5Upward-pressure countries are those with a residential real estate vulnerability index above the median for advanced economies (AEs): Australia, Austria, Belgium, Canada, Estonia, France, Hong Kong SAR, Israel, New Zealand, Norway, Portugal, Sweden, and the United Kingdom.

6Data are through March 20, 2015, except in the case of the ECB (March 6, 2015). ECB calculations are based on the Eurosystem’s weekly financial statement.

The weaker-than-expected growth for emerging markets, coming on the heels of sequential negative growth surprises for the past four years, has led to diminished expectations for their medium-term growth prospects, as also noted in recent WEO reports, implying a weaker global outlook. In retrospect, the strong economic performance in emerging markets in the immediate postcrisis period partly reflected high growth in China, particularly in investment, which contributed importantly to the strength in commodity prices, as well as an easing of global financial conditions. The gradual slowdown in China and the partly related decline in commodity prices (which also reflected a sizable supply response) weakened the growth momentum to some extent in commodity-exporting countries and others with close trade links to China, and the easing of financial conditions for emerging markets after the crisis likely contributed to higher output, but not to a steadily higher growth rate. And increased geopolitical tensions played a role in explaining the growth slowdown, particularly in CIS countries and some in the Middle East.

These developments in emerging markets come on top of concerns about slowing potential output in advanced economies, reflecting long-term factors such as demographics and a protracted period of weak investment following the crisis. These topics are discussed in more detail in Chapter 3 (potential output) and Chapter 4 (investment).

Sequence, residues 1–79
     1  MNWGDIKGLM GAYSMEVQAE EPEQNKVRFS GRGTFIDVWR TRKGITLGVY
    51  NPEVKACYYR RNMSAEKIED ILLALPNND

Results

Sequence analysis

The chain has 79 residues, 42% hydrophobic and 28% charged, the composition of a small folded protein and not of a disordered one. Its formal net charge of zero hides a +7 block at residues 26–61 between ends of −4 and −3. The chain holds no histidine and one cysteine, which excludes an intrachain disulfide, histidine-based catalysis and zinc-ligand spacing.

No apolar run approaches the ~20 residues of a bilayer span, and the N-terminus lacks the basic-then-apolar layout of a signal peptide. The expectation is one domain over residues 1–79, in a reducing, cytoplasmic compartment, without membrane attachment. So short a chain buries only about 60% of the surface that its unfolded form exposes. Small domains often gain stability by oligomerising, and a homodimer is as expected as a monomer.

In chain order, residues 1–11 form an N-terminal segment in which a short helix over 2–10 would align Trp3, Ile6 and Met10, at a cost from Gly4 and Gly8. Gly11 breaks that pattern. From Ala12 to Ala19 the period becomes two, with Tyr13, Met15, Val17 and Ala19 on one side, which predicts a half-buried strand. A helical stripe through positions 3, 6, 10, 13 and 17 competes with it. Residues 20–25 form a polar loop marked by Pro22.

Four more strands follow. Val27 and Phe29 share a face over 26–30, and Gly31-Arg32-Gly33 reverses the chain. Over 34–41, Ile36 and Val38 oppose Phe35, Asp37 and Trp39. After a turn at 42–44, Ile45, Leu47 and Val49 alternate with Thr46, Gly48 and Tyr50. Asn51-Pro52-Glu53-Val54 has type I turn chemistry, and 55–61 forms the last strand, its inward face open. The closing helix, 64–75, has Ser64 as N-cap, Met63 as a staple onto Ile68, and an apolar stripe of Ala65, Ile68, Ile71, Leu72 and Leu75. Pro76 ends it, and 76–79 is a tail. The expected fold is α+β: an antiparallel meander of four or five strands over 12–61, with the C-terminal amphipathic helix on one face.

Decline in Oil Prices

Oil prices have declined by about 45 percent since September (Figure 1.4). A variety of factors have played a part: weaker-than-expected global activity; weaker demand for oil, given activity; and greater supply.

Figure 1.4.Commodity and Oil Markets

Sources: Organisation for Economic Co-operation and Development; and IMF staff estimates.

Note: APSP = average petroleum spot price; CIS = Commonwealth of Independent States; LAC = Latin American and the Caribbean; MENA = Middle East and North Africa; OECD = Organisation for Economic Co-operation and Development; SSA = sub-Saharan Africa.

Unexpected demand weakness in some major economies, in particular emerging market economies, has clearly played a role in the oil price decrease. Some of this demand weakness may have materialized early in 2014 (and hence already be reflected in the October 2014 WEO), with its impact on oil prices initially muted by an increase in precautionary demand, resulting from rising geopolitical tensions. Declines in prices of other commodities (such as industrial metals) also suggest some weakening in demand.

But several facts point to important contributions from other factors (see Box 1.1 for a discussion). For instance, oil prices have declined much more sharply than prices of other commodities in recent months, suggesting that factors specific to the oil market—as opposed to global demand—have played an important role. These factors include greater-than-expected supply as well as some weakness in the demand for oil driven by improvements in energy efficiency rather than by weak global aggregate demand.

Supply factors include the steady rise in production in countries not belonging to the Organization of the Petroleum Exporting Countries (OPEC), especially the United States; the faster-than-expected recovery of production in some stressed OPEC producers (for example, Iraq); and especially OPEC’s November 2014 decision to maintain production levels despite the sharp decline in prices.

With regard to oil-specific demand, reports by the International Energy Agency suggest that, even with aggregate demand developments taken into account, oil demand has fallen short of expectations.